Eventually we arrived at our cut block and we split ways to walk off alone into the woods.

Everything is bleak in all directions, the plants on the ground have all burnt, trees have no leaves left and all I can walk on is a bed of ashes. On a clear day this colorless landscape contrasts in some oddly beautiful way with the bright sunny sky but on a cloudy, rainy day like this one it seems to be more of a painfully lifeless scene painted on a gray canvas, a desolate wasteland if you will. Walking through here feels as if you are walking through nature’s version of a graveyard. I look straight up into the sky, I feel as if I am staring into an endless abyss which surrounds every ounce of my existence. While staring off the edge of planet earth into a space too big to comprehend I try grasping the idea of what it all is. I feel the odd raindrop splash gently on my face and all I can see is the gray sky. I can sense the vastness of what is out there but it all looks grim and empty. As the rain falls I look back down and wonder if Mother Nature is crying for the loss of her children or if I am witnessing an attempt made too late to put out the fire. I wonder to myself if Mother Nature is a real thing, or is it an idea we made up to try and understand the world around us.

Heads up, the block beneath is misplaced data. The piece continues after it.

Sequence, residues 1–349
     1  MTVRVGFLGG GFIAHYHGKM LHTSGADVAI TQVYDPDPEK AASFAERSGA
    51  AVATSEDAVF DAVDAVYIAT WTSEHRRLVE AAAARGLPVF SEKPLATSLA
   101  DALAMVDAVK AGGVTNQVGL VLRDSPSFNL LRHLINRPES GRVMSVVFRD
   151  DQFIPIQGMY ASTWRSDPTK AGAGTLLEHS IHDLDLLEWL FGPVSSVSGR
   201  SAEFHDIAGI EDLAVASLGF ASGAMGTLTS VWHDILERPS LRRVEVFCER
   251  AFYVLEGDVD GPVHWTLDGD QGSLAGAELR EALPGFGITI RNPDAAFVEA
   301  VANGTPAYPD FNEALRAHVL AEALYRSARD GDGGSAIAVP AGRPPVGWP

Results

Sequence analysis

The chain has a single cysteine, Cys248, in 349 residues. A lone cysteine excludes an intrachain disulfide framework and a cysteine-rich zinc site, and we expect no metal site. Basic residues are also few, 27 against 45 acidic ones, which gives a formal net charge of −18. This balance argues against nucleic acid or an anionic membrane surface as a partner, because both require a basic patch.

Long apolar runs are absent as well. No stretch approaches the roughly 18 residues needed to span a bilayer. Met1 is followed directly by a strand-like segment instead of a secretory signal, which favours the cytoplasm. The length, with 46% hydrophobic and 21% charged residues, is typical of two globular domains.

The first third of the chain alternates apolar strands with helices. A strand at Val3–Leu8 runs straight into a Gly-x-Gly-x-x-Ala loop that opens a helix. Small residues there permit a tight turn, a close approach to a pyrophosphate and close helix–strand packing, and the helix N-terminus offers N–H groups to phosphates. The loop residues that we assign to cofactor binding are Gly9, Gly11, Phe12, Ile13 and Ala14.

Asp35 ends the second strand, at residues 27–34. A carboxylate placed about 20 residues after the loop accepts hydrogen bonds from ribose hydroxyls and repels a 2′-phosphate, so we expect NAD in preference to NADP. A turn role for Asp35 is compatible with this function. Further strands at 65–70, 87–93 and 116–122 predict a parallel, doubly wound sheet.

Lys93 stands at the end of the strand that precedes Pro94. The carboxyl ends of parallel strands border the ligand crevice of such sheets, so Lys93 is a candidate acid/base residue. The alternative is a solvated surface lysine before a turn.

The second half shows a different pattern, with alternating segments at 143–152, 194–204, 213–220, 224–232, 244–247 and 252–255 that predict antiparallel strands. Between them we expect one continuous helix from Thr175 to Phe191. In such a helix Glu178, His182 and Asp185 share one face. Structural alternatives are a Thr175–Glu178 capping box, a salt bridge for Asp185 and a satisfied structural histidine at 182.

In coming to my senses I look more closely at the ash covered ground to see a tiny little green plant sprouting up through the ash. One tiny green speck in a barren landscape turned out to be many tiny green specks covering the forest floor. Barely noticeable to the human eye but as I kneel down I can see them all. I soon notice there are tiny little toads and frogs hopping around. I can feel the clouds parting revealing the blue sky and I realize all the little bugs come out and I hear birds chirping in the distance.

I look around as if I am purely an observer but I soon realize that I am just as much part of the ecosystem as anything I can see right now. All the animals use resources in a different way, birds use twigs and mud to build nests, bears dig into the ground for a den and now here is a human, walking through the woods to cut down trees and eventually use them to build houses for its own species.

I have now gone full circle trying to put a label on something we do not understand so I decide that I am just a part of nature and get on with my job.

Once more I tune into how wet and cold I am but it is irrelevant. I spend the rest of my day mapping the cut block as I would any other day and once it gets late I head back to my quad so I can go home for the night and do it all again tomorrow.

This submission marks the end of my FPAC Internship and I would like to thank Tolko and FPAC for this opportunity. I never considered myself a writer but I had a blast exploring something new.

As well I would like to extend a thanks to those who read my submissions. If you already work in or study forestry I hope you found them entertaining and if you are someone who is considering this career path I hope my work may be a source of insight or inspiration.

For more information contact:
Kerry Patterson-Baker
Vice President, Communications and Public Affairs
kpatterson-baker@fpac.ca
(613) 563-1441 x 314
Follow FPAC on Twitter: @FPAC_APFC